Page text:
Glenn Beck's Bizarre Outburst Against Meatless Mondays and Vegetarians
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With meat consumption on the rise the world over, it's going to be physically impossible to produce enough meat to meet the growing demand. New York Times columnist Verlyn Klinkenborg noted on Monday that we simply can't continue to plunder the world's resources in order to indulge in our animal-flesh fetish:
I adhere to a conclusion reached long ago -- by James Madison in 1818, who said, simply, that it cannot be right for all of earth's resources to "be made subservient to the use of man." We need to act on that principle. That will mean more than simply roping off habitat. It will mean among other things, a new and far more modest idea of food prosperity, more limited and almost certainly less meat-driven than the present American model.
Beck perpetuates the perception that campaigns such as Meatless Monday represent an attack on consumer choice. But as anyone who actually prefers to eat fresh, healthy foods can attest, those of us who'd rather eat a diet based on legumes, whole grains and vegetables are the ones whose choices are painfully limited.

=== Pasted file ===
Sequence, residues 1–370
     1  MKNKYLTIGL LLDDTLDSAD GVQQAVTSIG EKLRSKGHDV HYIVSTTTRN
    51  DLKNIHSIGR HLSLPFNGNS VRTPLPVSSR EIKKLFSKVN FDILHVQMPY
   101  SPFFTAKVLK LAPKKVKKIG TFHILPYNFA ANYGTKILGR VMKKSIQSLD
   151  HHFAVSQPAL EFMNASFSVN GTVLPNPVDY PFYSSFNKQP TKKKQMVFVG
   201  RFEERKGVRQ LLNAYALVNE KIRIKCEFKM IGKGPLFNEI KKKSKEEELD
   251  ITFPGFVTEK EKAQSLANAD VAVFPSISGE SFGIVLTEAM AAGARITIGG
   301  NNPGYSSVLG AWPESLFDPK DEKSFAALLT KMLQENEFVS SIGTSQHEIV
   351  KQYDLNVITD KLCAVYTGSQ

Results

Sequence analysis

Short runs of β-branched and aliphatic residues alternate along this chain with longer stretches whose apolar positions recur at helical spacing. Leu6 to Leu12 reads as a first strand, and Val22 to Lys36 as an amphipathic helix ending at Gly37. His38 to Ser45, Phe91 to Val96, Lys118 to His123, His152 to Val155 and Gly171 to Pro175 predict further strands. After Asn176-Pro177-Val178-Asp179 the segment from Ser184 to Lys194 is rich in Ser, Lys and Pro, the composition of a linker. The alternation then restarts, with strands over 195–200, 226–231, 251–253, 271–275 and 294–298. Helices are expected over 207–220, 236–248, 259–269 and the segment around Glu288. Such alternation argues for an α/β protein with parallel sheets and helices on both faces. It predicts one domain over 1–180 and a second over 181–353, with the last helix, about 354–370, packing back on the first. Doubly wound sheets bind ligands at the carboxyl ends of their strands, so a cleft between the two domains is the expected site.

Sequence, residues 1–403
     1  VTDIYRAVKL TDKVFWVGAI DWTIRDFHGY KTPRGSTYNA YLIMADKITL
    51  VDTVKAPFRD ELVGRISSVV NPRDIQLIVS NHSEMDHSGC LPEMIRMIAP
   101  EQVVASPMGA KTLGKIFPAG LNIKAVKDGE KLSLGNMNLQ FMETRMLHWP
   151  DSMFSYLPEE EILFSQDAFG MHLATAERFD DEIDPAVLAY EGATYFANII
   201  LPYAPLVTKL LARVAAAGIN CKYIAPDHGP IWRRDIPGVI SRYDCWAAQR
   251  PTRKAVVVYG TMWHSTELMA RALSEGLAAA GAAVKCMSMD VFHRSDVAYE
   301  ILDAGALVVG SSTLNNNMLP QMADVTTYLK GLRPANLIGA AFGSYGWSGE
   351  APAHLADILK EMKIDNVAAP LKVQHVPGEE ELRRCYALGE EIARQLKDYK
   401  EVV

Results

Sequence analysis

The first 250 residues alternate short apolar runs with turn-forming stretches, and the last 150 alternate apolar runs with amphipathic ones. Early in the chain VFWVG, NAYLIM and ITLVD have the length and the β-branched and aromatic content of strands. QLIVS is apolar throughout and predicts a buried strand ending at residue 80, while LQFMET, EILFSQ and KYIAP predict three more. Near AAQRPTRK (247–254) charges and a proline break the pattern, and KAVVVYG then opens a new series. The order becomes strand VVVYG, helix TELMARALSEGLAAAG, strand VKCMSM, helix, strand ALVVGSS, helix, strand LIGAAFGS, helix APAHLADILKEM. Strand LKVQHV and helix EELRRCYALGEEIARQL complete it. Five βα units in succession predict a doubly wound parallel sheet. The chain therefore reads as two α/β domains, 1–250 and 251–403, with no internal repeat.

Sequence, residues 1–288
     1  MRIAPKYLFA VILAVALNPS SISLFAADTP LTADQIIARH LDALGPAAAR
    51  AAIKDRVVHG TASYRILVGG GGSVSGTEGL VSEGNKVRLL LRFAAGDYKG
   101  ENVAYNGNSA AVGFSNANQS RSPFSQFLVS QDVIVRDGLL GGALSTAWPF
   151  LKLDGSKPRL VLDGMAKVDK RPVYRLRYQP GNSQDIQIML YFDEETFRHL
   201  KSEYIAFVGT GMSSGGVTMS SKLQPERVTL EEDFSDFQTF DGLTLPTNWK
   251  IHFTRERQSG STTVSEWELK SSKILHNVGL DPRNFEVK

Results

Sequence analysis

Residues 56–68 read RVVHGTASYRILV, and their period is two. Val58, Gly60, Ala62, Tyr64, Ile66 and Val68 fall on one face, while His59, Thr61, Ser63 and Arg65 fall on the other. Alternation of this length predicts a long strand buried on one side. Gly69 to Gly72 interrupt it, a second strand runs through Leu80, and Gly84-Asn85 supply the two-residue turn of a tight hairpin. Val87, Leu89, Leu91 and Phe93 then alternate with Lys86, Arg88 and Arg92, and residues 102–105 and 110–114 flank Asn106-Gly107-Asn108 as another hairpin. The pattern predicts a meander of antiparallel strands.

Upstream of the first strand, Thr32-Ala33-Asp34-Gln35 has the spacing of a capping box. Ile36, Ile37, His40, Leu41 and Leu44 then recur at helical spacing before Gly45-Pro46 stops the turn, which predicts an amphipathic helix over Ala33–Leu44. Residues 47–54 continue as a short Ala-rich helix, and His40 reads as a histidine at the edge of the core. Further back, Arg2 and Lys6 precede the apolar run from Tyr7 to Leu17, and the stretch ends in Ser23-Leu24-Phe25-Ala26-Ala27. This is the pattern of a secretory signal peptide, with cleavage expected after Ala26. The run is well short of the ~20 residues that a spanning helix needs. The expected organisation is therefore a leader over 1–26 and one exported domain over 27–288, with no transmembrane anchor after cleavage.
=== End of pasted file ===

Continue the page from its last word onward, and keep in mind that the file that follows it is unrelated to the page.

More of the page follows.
The meat industry is trying to portray the decision to emphasize vegetarian entreés in the Baltimore school cafeterias one day a week as a dangerous exercise in protein deprivation -- as if you can't get sufficient protein from non-meat sources. The Center For a Livable Future's Ralph Loglisci did a terrific job of setting the record straight with his post "Protein 101: Dispelling the Myth Surrounding Meatless Meals."
And ABC News reported last week that the Meatless Monday campaign in Baltimore's schools has, in fact, been a great success. Only a meathead -- or a meat-industry shill -- would brand this modest attempt to serve our kids healthier entreés and raise awareness about the environmental impact of our food choices as some kind of insidious conspiracy.
How will Beck handle the season premiere of Sesame Street, in which Michelle Obama shares the joys of homegrown vegetables with the Muppets? Will he demonize Elmo, who is, after all, a suspiciously socialist shade of red? Will he accuse Big Bird of being a secret agent for the food police, attempting to brainwash American tots into accepting their pro-plant agenda?
If only we could dismiss this self-described "rodeo clown" as a harmless buffoon. Sadly, he's too influential to be written off as a greenhouse-gas-denying gasbag.
All we can do is keep poking holes in him and hope he deflates. Fox News: They distort, we deride.